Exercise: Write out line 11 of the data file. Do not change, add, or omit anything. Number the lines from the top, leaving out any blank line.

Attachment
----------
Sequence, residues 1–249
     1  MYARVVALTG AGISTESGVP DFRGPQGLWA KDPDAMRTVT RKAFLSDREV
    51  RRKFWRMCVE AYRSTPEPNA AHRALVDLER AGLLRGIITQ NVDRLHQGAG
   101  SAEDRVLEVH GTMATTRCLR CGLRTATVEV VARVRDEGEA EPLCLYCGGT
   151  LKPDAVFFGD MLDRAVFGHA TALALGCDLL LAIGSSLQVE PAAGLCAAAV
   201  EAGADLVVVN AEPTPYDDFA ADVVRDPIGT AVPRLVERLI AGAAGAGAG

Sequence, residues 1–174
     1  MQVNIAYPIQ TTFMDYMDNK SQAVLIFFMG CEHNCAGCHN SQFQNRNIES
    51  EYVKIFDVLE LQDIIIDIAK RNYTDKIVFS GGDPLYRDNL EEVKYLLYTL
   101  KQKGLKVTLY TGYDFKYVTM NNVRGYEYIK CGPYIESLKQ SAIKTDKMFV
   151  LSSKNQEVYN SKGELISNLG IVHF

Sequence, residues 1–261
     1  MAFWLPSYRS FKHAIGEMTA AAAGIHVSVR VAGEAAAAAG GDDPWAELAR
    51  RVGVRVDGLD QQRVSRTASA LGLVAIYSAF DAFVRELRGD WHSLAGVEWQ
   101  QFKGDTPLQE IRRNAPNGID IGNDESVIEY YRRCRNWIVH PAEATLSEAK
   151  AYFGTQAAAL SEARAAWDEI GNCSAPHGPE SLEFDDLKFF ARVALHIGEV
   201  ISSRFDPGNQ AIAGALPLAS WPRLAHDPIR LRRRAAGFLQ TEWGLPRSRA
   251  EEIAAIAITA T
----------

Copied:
   151  LSSKNQEVYN SKGELISNLG IVHF